11. Yes, it does seem like The Never Ending Story. However, there is light at the end of the tunnel. I can report that there is a Debate & Vote : Wednesday 26 January 2011 At the Parliamentary Assembly of the Council of Europe (PACE) On the subject of Implementation of judgments of the European Court of Human Rights. Draft resolution: The Assembly, in particular, urges the following states to give priority to specific problems: The United Kingdom must put to an end the practice of delaying full implementation of Court judgments with respect to politically sensitive issues, such as prisoners’ voting rights... it is essential that states parties fulfil their obligation under Article 46 of the Convention to ensure the full and rapid implementation of judgments of the Court.

    The execution process for some of these judgments (where it has begun) has become somewhat politicised at the national level and consequently the JCHR has identified what it perceives as an emerging practice of “minimal compliance’; where some action has been taken by the United Kingdom but far from enough. This has been highlighted by the JCHR as a problem in that it increases the possibility of repetitive cases by failing to put an end to a root problem, thus creating further litigation.

    The Council of Europe reserves the right to take appropriate action should the state concerned continuously fail to take appropriate measures required by a judgment of the Court, or should the national parliament fail to exert appropriate pressure on the government to implement judgments of the Court;

    This follows Philip Hollowbrain's pathetic debate in Westminster Hall in the Commons on 11 January, and pre-dates Jack Straw and David Davis' Back Bench Business Committee's debate in February in the Commons. Put that in your pipe and smoke it!

    (Exceeded word count. More to follow...)

  12. PACE decided to up the pressure on the UK by taking over the reins from the Committee of Ministers, whose next meeting is scheduled for 8 March, and vote on what sanctions to apply to the UK. It might include suspending the UK's vote in Europe until the UK decides it will fully comply with Hirst v UK (No2). Irony or what?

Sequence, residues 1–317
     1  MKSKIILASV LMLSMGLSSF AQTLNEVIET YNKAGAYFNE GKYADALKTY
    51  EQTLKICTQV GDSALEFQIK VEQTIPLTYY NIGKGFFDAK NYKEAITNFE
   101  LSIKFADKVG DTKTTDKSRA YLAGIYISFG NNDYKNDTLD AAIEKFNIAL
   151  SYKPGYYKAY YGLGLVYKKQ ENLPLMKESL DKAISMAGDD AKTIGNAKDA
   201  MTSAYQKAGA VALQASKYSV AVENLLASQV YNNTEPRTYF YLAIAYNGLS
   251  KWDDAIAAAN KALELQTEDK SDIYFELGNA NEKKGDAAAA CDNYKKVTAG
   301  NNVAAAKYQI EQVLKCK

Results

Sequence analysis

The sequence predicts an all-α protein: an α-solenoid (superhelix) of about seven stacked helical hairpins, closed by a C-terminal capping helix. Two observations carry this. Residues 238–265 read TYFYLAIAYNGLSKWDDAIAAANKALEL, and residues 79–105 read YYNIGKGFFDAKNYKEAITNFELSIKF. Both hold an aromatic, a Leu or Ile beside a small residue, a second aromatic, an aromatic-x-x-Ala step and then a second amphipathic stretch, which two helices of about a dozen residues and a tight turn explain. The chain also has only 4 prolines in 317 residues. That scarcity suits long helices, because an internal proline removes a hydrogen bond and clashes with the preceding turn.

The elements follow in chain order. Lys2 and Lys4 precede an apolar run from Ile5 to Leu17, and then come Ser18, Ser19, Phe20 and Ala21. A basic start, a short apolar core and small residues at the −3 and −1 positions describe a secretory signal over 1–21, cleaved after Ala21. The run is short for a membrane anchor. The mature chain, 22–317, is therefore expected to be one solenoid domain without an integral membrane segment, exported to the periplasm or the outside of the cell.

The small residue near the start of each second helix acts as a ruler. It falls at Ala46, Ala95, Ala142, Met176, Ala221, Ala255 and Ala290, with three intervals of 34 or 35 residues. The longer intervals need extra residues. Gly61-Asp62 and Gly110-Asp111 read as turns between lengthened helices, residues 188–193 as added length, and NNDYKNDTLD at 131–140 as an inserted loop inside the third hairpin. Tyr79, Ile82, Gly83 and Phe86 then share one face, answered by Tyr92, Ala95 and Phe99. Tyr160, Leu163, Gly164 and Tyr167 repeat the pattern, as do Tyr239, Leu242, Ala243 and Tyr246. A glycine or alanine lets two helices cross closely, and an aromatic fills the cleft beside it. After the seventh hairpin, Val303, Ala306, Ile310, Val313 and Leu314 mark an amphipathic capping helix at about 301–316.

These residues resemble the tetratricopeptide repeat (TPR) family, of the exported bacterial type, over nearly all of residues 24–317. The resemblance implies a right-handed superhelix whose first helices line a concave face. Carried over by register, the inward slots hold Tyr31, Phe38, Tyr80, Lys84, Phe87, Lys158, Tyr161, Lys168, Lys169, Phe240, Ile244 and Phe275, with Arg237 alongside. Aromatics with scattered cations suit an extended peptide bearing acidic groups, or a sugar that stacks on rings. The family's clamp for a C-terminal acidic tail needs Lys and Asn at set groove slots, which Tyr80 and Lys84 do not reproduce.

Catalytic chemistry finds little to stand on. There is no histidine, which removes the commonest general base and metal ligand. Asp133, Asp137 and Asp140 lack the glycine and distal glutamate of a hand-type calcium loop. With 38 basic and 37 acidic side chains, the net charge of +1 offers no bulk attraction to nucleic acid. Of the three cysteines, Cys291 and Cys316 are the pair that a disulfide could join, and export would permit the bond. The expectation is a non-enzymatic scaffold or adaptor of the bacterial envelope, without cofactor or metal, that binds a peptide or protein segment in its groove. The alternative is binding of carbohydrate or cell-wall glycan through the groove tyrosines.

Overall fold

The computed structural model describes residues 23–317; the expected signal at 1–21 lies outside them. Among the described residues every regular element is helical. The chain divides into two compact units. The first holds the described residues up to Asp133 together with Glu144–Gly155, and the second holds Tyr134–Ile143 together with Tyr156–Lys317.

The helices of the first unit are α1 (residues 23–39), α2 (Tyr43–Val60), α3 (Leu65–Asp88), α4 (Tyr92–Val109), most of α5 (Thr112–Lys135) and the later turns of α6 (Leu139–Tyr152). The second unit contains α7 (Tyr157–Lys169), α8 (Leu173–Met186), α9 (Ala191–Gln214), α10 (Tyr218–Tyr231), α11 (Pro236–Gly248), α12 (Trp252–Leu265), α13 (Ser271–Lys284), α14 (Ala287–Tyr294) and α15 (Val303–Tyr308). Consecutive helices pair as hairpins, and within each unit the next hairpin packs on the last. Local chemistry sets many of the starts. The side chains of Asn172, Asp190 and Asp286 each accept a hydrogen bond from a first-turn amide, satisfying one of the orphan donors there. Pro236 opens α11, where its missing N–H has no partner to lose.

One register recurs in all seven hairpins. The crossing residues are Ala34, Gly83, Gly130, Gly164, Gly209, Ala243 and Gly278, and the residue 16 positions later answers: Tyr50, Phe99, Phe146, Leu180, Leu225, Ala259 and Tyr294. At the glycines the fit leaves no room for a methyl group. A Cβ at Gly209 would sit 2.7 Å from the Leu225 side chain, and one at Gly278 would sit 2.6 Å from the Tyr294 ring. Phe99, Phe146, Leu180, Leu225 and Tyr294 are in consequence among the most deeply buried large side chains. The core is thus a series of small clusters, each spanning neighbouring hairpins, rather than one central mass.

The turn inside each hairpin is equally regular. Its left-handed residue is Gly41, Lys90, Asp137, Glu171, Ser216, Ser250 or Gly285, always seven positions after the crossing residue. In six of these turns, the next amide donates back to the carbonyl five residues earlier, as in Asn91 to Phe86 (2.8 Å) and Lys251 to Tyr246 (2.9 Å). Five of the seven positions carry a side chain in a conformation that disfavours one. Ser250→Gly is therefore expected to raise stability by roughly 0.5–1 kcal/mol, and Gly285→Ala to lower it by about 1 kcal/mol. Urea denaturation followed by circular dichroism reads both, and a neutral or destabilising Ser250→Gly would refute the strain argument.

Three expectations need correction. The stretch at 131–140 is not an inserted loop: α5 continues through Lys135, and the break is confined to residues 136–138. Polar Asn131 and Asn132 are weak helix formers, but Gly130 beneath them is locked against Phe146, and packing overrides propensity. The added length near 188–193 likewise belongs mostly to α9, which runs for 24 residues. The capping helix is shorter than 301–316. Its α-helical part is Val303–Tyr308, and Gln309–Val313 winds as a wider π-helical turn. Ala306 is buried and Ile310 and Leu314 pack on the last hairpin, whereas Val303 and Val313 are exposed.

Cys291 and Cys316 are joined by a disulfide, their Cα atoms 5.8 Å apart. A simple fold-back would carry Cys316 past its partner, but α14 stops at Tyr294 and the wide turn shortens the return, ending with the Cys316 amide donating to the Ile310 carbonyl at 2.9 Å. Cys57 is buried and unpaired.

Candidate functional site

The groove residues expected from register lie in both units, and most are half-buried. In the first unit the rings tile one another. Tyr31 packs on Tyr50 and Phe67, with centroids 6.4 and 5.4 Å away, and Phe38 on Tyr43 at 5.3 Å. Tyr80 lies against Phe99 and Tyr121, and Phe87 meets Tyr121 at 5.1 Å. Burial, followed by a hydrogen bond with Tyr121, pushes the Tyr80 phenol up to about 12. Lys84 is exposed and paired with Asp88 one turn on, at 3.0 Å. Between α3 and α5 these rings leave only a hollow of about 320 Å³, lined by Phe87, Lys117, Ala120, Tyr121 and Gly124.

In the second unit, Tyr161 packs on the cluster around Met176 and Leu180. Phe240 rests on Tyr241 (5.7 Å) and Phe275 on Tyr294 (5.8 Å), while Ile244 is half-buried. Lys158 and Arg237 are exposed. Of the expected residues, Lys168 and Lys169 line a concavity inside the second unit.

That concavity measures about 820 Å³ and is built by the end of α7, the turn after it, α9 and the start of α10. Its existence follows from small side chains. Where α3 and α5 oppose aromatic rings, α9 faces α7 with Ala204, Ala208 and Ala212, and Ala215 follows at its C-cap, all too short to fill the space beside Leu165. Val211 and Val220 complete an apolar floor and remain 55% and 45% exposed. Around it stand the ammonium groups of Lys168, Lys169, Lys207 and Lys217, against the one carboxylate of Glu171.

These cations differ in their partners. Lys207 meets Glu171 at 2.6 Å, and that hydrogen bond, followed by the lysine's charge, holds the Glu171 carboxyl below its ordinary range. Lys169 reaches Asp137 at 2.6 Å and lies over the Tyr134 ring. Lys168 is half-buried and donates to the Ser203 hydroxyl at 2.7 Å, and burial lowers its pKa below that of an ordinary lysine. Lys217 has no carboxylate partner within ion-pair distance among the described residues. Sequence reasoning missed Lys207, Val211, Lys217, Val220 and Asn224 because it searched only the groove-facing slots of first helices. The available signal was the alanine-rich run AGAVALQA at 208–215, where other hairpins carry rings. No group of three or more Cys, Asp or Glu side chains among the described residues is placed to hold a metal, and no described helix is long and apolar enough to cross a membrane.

Given that each of the 47 Member States provides a judge to the Court, that's 46 foreign judges to each State, I wonder if, and how many, other States play the foreign judges card?

    The Court has now held 4 times, twice British cases, that disenfranchisement of prisoners breaches their human rights. Originally, States were only bound by cases found against them, but since February 2010, if a case against another State has the same or similar facts then this too is binding upon other States. So, that's now 4-0 against the UK!

    In Scoppola v Italy the Court ruled that it was a breach of human rights to sentence a murderer to life imprisonment which also disenfranchised for life. Italy reduced the life sentence to a fixed 30 year sentence, but still left the disenfranchisement for life in place. It would appear that now a life sentence is a breach of human rights. If so,natural life must go too (which will please Peter Sutcliffe), and the life licence is on very dodgy ground (I will be glad to see this go). Quick, pass David Cameron the sick bag!

    Tim: I take on board your objection and have to agree with you that Ben was a bit insensitive to liken that prize twunt Philip Davies to people like you and I with a genuine disability.

    Ben: Be careful bandying about the term Muppet, I called a bunch of park rangers who were having a pop at me as "Being like The Muppet Show" and they complained to the police and the police tried to prosecute me under s.5 of the Public Order Act 1986! I told my solicitor that I was wrong, and that what I meant to say was like The Goon Show.

    Your last para also includes a bit I gave to Radio 5 Live in an interview, which the BBC now uses on their website. But, a criminal lawyer and me think that the UK is in contempt of court (certainly there is a case that Jack Straw is in contempt of Parliament) but Elkan disagrees. We're looking into this more.

    Also, at what some politicians have said outside of Parliamentary privilege and they are fair game. In addition, looking at some of the media reporting to fight back. I actually own the Hirst No2 case bearing my name, the Council of Europe has confirmed that it is my intellectual property right. Elkan was only interested whether I had that in writing, and I confirmed that I have it in black and white. This opens up a whole new can of worms...

  13. Excellent work JHL, I don't know how you do it; but I am glad you did what you did regarding prisoner's voting rights and that you are still strong on the case. Respect is due to you

  14. Thanks John, and I agree with Sophie J.